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 Table of Contents  
Year : 2017  |  Volume : 6  |  Issue : 4  |  Page : 414

Quality assurance training course on chest radiography in Laos

1 TWS Medical Center, Bangkok, Thailand
2 Tropical Medicine Department, Hainan Medical University, Haikou, China

Date of Web Publication17-Nov-2017

Correspondence Address:
Pathum Sookaromdee
TWS Medical Center, Bangkok
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Source of Support: None, Conflict of Interest: None

DOI: 10.4103/ijmy.ijmy_139_17

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How to cite this article:
Sookaromdee P, Wiwanitkit V. Quality assurance training course on chest radiography in Laos. Int J Mycobacteriol 2017;6:414

How to cite this URL:
Sookaromdee P, Wiwanitkit V. Quality assurance training course on chest radiography in Laos. Int J Mycobacteriol [serial online] 2017 [cited 2019 Aug 22];6:414. Available from: http://www.ijmyco.org/text.asp?2017/6/4/414/218626

Dear Editor,

The report on “Quality assurance training course on chest radiography in Laos” is very interesting.[1] Ohkado et al. reported that “the training course had a positive impact on the quality of chest radiography (CXR) among a sample of trainees of radiological technologists (RTs) in Laos.”[1] In fact, Ohkado et al. also already reported a highly similar observation from the study in the Philippines.[2],[3] Indeed, quality is an important concept in medicine at present and should be implemented in any field of clinical work. Quality assurance is an important process in investigative medicine. The education system might be a good mean to promote good attitude and practice. Based on education view, the method of teaching should be discussed. As noted by Terashita et al., “Student self-efficacy was thought to increase through self-directed learning, which is one of the aims of problem-based learning;”[4] hence, stimulation for having self-continuous education by practitioner is necessary for improving the skill and maintaining the quality of the practitioner.

Nevertheless, the sustainability of the quality is very important. Continuous education is required.[5] Regular proficiency testing and quality check according to continuous quality improvement concept are important. In clinical practice, this is the general requirement for the maintenance of clinical certification of practitioners.[6] For developing countries in Indochina (including Laos, Myanmar, and Cambodia), lack of expert and good clinical education system is a common problem. To maintain quality during poor infrastructure and limited budget is an actual challenge for the developing countries in Indochina. Indeed, in developed country such as Japan, Iwatani concluded that “the knowledge-creating process among the medical professionals has been associated with many problems.”[7] Hence, it is no doubt that there is a more serious problem in the developing countries with limited resource.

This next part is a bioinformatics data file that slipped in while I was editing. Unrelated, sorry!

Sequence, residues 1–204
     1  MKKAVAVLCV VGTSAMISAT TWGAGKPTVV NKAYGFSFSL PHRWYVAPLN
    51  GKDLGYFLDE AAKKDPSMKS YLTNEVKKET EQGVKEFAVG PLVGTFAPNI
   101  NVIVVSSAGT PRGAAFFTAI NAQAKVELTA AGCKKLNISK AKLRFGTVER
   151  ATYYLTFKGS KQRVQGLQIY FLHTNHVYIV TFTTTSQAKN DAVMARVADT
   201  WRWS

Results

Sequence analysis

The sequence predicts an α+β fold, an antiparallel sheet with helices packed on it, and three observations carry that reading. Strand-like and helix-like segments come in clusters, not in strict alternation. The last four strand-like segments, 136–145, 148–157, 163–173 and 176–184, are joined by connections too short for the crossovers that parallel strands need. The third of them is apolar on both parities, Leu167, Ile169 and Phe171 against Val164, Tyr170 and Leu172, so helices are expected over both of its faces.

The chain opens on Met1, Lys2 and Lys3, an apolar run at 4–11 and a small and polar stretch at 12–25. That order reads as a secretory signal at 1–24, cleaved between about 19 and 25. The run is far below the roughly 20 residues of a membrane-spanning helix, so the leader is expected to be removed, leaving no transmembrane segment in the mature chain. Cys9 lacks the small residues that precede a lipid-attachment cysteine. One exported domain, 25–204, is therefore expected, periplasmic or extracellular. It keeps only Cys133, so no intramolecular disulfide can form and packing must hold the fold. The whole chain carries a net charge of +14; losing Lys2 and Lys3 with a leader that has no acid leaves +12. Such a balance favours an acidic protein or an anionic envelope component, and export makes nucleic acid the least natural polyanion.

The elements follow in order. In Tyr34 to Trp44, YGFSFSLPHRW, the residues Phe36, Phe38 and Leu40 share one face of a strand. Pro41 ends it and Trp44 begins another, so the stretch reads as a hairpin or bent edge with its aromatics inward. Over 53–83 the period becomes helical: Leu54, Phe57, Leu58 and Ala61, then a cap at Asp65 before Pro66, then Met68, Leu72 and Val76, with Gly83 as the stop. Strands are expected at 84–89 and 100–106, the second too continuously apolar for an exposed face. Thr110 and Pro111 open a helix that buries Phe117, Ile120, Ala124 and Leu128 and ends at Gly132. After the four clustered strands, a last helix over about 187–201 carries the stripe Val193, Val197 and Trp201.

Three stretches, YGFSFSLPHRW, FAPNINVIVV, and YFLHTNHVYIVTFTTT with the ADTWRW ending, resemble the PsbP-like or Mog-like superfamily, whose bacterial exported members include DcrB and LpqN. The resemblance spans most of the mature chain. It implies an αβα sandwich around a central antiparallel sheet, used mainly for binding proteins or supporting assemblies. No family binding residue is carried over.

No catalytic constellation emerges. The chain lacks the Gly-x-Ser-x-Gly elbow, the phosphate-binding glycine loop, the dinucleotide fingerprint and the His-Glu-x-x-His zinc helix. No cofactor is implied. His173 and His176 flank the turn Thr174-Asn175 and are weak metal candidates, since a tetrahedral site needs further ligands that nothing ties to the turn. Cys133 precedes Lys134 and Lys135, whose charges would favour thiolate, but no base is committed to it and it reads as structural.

Focusing in detail on the present report by Ohkado et al.,[1] there is also a technical concern on pediatric chest radiography. Specific training for performing service to this specific population is needed.[8] The experience of the RT is also an important parameter determining the success and quality of the CXR. Langen et al. found that “The group with very little experience in pediatric radiology showed worse results,”[8] corresponding to the training program. Finally, although there is quality assurance, we should not forget that the error can still occur in practice. In investigative medicine, despite the certification for quality management by international standards the error in laboratory is still observable at a high rate.[9] Close monitoring of the possible error in the process is still required despite a good system for maintenance of the quality.

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Conflicts of interest

There are no conflicts of interest.

  References Top

Ohkado A, Mercader M, Date T. Does a quality assurance training course on chest radiography for radiological technologists improve their performance in Laos? Int J Mycobacteriol 2017;6:302-6.  Back to cited text no. 1
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Ohkado A, Luna P, Querri A, Mercader M, Yoshimatsu S, Coprada L, et al. Impact of a training course on the quality of chest radiography to diagnose pulmonary tuberculosis. Public Health Action 2015;5:83-8.  Back to cited text no. 2
Ohkado A, Poblete R, Mercader M, Querri A, Agujo P, Tang F, et al. Effectiveness of a training course on the quality assurance of chest radiography in the Philippines. Int J Tuberc Lung Dis 2012;16:379-83.  Back to cited text no. 3
Terashita T, Tamura N, Kisa K, Kawabata H, Ogasawara K. Problem-based learning for radiological technologists: A comparison of student attitudes toward plain radiography. BMC Med Educ 2016;16:236.  Back to cited text no. 4
Reid J. The dynamics of certification. Radiol Technol 2012;83:414-5.  Back to cited text no. 5
Rhodes RS. Maintenance of certification. Am Surg 2007;73:143-7.  Back to cited text no. 6
Iwatani Y. The medical technologist as a key professional in medical care in the 21st century. Rinsho Byori 2008;56:915-23.  Back to cited text no. 7
Langen HJ, Kohlhauser-Vollmuth C, Muras S, Stenzel M, Beer M. Training program for radiologic technologists for performing chest X-rays at inspiration in uncooperative children. Rofo 2009;181:237-41.  Back to cited text no. 8
Wiwanitkit V. Types and frequency of preanalytical mistakes in the first Thai ISO 9002:1994 certified clinical laboratory, a 6-month monitoring. BMC Clin Pathol 2001;1:5.  Back to cited text no. 9

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